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Posted December 22, 2009 by

Flexible Jobs Help Australia Avoid Recession

When it comes to how flexible jobs (Click here) can have a positive impact on the overall economy and employment marketplace, the United States could learn something from Australia.
The World of Work Report 2009, a recent report on global labor markets from the International Labour Organization, found that several employment policy initiatives have helped to minimize job losses in Australia during the current global financial crisis.
Australia is one of the few countries that has managed to stay afloat despite the global economy. Part of the reason for that is the country’s passage of the Fair Work Act 2009. Without that, employment would have declined by 1.3 percent from 2008 to 2009.
Just like the United States, Australia also had an economic stimulus package of its own, which focused on social assistance for targeted groups; supporting consumption through support for home buyers; infrastructure spending; skills and training; and job search assistance.
But it was more than an economic stimulus that helped Australia’s economy avoid its own recession. The report noted that a combination of fast economic response, targeted labor market programs and adaptable employment practices helped to support employment and minimize job losses.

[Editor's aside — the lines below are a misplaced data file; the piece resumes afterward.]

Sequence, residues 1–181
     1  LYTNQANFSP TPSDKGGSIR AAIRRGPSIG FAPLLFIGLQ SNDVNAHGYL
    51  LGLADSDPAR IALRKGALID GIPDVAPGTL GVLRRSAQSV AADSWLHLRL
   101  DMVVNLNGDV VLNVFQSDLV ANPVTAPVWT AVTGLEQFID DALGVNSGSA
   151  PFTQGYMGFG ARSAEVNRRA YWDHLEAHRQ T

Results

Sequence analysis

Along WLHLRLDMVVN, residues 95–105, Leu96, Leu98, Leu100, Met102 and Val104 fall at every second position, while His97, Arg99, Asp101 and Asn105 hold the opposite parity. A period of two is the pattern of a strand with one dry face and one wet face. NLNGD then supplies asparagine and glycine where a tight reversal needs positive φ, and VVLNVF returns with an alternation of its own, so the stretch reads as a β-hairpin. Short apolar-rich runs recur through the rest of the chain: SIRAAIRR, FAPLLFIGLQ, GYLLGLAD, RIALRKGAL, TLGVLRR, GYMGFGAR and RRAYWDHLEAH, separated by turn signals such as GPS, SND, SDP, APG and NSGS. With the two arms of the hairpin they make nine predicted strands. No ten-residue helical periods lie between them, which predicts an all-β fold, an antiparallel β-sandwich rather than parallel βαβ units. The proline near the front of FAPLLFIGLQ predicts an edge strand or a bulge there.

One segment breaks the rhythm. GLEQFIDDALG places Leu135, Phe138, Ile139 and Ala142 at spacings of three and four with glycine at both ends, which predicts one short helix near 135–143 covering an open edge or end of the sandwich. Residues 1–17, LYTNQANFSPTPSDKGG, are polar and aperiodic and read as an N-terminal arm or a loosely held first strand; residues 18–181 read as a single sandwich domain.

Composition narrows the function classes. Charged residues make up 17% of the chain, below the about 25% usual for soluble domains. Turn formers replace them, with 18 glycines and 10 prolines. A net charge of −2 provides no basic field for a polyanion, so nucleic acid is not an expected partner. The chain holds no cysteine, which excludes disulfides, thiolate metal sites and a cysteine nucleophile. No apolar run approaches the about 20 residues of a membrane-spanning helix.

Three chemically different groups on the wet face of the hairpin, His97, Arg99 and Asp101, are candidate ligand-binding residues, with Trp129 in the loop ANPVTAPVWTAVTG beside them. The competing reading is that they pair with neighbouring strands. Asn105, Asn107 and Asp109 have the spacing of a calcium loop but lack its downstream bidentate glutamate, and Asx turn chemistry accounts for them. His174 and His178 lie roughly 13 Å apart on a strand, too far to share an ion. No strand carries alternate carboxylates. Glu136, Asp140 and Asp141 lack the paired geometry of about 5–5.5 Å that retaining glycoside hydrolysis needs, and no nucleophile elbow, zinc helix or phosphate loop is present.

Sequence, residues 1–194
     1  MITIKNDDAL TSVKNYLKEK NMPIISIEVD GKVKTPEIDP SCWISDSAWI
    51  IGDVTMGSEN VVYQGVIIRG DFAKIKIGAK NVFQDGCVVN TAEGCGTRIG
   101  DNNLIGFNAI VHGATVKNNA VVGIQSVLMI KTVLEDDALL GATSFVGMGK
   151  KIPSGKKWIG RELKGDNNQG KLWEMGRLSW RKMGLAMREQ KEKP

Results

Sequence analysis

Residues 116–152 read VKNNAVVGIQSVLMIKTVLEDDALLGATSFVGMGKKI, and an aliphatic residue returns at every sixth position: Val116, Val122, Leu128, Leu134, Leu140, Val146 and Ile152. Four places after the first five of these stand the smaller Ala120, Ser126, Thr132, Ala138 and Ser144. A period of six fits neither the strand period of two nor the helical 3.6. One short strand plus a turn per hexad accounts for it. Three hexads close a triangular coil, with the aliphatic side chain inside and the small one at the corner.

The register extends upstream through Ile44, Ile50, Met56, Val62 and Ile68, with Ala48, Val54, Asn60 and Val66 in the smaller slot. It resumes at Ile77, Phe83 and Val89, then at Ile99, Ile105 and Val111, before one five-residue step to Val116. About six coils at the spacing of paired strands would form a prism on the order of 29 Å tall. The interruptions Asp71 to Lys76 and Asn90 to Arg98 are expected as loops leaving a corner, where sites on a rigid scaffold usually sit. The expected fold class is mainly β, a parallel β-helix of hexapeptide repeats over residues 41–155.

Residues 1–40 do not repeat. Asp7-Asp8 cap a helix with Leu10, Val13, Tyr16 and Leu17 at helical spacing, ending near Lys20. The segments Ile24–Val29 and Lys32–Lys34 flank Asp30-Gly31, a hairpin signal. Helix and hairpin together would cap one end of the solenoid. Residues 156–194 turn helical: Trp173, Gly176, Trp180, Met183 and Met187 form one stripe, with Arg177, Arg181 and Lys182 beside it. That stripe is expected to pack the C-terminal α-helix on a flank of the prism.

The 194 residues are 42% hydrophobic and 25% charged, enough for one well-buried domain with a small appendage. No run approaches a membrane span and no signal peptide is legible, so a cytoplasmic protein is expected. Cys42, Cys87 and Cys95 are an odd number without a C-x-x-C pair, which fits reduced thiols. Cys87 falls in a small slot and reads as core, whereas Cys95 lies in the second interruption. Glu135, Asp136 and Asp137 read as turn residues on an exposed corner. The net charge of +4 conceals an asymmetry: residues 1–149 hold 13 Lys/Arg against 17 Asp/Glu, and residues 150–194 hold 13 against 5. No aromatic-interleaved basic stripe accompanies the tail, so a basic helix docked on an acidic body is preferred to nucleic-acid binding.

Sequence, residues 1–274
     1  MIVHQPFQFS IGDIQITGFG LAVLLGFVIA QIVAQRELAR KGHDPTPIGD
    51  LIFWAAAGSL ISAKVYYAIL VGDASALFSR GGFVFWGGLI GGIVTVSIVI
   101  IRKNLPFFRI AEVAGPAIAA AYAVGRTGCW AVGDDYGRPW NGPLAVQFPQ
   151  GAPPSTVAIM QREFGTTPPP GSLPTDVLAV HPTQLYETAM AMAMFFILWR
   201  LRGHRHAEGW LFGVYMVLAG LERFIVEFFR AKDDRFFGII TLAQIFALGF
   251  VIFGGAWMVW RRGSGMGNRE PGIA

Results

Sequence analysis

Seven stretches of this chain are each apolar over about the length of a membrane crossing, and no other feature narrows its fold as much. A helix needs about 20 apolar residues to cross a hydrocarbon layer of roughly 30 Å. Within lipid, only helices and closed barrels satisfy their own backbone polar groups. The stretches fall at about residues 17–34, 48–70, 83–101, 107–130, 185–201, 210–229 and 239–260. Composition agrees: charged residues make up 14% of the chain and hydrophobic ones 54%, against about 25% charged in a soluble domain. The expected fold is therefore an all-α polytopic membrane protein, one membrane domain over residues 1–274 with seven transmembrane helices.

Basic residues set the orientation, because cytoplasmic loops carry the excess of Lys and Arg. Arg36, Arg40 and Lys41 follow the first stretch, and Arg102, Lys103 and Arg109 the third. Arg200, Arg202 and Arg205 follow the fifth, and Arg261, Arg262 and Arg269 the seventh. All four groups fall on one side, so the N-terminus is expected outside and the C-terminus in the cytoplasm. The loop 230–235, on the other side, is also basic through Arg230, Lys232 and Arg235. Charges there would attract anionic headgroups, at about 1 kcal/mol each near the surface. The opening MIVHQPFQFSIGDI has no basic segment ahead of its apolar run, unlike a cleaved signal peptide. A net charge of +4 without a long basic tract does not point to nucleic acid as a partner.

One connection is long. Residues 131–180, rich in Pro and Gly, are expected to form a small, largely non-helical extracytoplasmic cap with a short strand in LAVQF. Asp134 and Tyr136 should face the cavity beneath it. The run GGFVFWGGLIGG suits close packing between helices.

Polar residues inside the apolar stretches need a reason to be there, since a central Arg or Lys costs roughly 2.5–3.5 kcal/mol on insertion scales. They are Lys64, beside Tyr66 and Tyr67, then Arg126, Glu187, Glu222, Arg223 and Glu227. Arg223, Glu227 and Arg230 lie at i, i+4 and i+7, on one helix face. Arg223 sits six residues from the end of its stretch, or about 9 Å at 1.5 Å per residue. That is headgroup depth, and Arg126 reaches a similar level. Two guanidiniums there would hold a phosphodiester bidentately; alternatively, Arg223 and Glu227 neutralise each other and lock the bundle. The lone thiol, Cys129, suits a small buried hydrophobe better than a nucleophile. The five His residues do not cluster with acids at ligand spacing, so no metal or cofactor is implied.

One of the most effective practices was an effort by businesses to change working arrangements, including implementing reduced hours and job sharing, to avoid making layoffs.
“Business also deserves a lot of credit for their actions during the downturn,” Jason Clare, parliamentary secretary for employment, said. “Many have gone to great lengths to keep their staff on, moving staff to flexible working arrangements like part-time work.”
However, the report notes that a premature withdrawal of public stimulus funds and employment initiatives could lead to a slowdown in growth and the loss of 100,000 jobs. As long as that is avoided, companies that have demonstrated flexibility and innovation will definitely see the rewards.